The worry that if you miss one run, you'll suddenly lose all your hard-earned mileage and will never be able to run again, is something all runners struggle with. But irrational fears aside, how long does it really take to lose running fitness? TrueRevo puts together everything you need to know about running fitness and how to maintain it, if you're taking a break.
First, it's important to understand there are two "types" of fitness: (1) Your Aerobic Fitness—in other words, your endurance—and (2) Your Orthopedic or Structural Fitness—the ability of your muscles, bones, tendons and ligaments to withstand the impact of running.
Both are important, but both lose fitness at different rates.
- Structural Fitness: Structural fitness is critical for injury prevention. It helps you absorb the impact of running without suffering an overuse injury.
This area hasn't been studied as well, but it does take longer to gain structural fitness as opposed to endurance.
This means that for any period of inactivity, your body's ability to tolerate running declines more quickly than its ability to run. This puts you in the injury danger zone. Any runner will recognize the euphoric feeling you get after five to seven days off from running. You go for your first run and feel great. After all, you've rested for about a week. You may even be running a little faster than usual because it feels better than your usual, slower pace.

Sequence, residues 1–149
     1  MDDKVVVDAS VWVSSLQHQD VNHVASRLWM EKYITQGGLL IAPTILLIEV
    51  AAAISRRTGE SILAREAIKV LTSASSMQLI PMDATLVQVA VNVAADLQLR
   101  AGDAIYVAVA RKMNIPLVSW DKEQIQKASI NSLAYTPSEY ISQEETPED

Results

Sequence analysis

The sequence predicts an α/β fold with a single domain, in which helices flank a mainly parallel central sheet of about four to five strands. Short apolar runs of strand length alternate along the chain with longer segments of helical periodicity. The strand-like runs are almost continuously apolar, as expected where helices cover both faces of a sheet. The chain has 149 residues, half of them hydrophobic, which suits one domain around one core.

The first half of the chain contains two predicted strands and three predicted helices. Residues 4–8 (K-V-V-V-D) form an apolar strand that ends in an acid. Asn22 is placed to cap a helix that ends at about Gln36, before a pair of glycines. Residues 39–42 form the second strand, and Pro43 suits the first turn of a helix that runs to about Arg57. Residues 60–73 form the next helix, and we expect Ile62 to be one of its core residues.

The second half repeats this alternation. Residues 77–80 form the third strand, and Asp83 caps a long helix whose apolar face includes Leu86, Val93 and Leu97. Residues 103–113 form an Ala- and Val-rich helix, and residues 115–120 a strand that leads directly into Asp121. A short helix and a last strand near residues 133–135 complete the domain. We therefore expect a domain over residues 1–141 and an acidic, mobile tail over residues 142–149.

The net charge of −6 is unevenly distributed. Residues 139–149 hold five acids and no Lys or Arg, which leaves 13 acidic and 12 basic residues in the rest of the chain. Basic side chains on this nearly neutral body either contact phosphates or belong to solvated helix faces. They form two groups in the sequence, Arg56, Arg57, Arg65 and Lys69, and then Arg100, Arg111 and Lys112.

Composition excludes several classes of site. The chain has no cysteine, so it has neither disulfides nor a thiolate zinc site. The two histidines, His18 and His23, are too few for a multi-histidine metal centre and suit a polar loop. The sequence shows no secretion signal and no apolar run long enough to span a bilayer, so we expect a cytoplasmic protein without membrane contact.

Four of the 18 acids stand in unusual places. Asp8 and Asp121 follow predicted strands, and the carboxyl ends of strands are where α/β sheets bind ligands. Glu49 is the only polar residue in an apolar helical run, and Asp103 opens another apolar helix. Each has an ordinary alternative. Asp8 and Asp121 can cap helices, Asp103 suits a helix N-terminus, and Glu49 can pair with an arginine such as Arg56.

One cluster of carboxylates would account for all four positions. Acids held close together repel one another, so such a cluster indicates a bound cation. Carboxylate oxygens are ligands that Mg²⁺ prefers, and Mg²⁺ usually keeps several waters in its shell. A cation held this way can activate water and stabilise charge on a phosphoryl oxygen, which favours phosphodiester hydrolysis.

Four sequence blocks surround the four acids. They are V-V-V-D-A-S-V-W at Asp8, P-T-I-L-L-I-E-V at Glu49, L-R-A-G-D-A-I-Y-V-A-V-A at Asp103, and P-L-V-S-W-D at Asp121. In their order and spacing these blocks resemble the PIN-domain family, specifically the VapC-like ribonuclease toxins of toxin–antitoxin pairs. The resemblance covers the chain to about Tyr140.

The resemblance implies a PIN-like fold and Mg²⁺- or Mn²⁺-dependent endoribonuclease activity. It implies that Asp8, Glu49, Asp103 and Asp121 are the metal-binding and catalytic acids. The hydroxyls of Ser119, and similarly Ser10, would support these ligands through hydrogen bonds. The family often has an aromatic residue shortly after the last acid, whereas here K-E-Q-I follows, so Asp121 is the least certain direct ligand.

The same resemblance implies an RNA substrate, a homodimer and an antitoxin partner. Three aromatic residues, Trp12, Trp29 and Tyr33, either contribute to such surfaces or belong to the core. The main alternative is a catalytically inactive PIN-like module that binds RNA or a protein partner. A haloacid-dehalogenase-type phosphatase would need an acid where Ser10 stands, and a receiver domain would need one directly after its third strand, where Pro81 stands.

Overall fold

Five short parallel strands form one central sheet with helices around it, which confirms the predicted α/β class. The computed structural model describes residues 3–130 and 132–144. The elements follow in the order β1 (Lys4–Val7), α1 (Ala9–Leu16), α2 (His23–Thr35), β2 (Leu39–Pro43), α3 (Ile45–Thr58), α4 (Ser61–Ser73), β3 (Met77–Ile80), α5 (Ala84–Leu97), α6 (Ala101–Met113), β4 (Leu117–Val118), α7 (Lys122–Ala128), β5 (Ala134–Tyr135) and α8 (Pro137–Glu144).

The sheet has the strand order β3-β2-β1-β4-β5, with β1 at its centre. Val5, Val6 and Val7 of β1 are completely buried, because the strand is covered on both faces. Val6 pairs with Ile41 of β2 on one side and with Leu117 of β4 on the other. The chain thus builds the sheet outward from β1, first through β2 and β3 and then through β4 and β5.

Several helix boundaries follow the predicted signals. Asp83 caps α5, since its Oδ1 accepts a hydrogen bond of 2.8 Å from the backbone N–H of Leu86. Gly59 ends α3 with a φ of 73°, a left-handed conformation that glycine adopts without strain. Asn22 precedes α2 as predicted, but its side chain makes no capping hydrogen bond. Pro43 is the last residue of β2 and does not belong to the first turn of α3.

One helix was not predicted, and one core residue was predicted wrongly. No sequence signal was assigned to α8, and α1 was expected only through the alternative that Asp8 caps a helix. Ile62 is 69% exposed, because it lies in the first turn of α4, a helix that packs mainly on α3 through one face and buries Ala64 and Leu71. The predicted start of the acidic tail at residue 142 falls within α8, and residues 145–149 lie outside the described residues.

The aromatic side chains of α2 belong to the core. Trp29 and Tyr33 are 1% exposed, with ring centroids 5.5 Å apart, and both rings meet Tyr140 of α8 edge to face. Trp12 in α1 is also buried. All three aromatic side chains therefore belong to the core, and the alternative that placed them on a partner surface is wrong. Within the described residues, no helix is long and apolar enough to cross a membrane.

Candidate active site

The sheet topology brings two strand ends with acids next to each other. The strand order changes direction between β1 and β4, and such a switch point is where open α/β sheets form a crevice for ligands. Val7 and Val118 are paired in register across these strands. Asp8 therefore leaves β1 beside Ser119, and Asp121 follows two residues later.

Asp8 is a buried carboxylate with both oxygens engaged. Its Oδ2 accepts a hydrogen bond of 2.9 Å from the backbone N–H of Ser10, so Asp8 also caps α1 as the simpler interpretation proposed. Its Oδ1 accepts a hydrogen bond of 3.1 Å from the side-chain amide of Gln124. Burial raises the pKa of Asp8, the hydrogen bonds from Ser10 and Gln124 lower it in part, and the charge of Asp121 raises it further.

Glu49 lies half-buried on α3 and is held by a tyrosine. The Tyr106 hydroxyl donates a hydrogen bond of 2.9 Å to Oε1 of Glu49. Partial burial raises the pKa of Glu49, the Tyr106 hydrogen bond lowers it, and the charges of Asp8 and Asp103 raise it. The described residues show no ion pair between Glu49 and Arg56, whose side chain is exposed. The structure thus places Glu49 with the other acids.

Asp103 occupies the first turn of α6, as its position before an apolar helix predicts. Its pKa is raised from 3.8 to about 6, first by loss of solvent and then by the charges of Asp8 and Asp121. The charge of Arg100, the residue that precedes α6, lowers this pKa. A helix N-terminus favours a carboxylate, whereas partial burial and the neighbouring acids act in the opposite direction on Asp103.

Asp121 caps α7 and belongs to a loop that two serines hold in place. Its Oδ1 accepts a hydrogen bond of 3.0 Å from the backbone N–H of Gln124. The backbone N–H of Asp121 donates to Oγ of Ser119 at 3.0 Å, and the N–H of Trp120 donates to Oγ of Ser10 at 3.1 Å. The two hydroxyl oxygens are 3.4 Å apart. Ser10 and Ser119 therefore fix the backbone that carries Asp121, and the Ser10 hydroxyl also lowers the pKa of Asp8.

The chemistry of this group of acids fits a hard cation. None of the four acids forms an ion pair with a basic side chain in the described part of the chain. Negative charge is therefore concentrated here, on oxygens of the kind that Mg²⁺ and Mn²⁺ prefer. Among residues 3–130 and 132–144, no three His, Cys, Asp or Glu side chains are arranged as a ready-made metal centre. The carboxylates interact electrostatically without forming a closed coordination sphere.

But after a week of faster running and feeling good, aches and pains pop up. You may even experience an injury because your structural fitness is much lower than your aerobic fitness.
- Aerobic Fitness: Aerobic (or cardiovascular) fitness is one of the most important components of overall physical fitness. It takes a little while to lose your hard-earned endurance.
For most runners, it takes about seven to 14 days for your aerobic fitness to start declining. And what you lose initially is mostly the gains that you've made in the last several months of training. The better shape you're in, the more fitness you'll hold onto when you're not running. If you run consistently and have a higher level of fitness than a beginner, you don't have to worry about losing your gains as much as if you were just starting out. Conclusion is to run as consistently as possible. Running is truly a long-term endeavor—a lifestyle rather than simply a sport—and your aerobic fitness is something you hold onto for many months.
Prevent Fitness Loss During Time Off Running:
During any course of inactivity, a small amount of strength work can help you keep your body's ability to withstand running. A short gym workout or a series of medicine ball exercises can often mean the difference between staying healthy and taking even more time off because of a running injury. Once you understand that your endurance is lost slower than your structural strength, you can modify your training to run more consistently. And the more subsist you run, the more fitness you'll have. If you can keep up the mini routines while you’re on a break, you’ll be in much better shape once you come back to the gym. That way you won’t waste the hard earned fitness that you’re building now.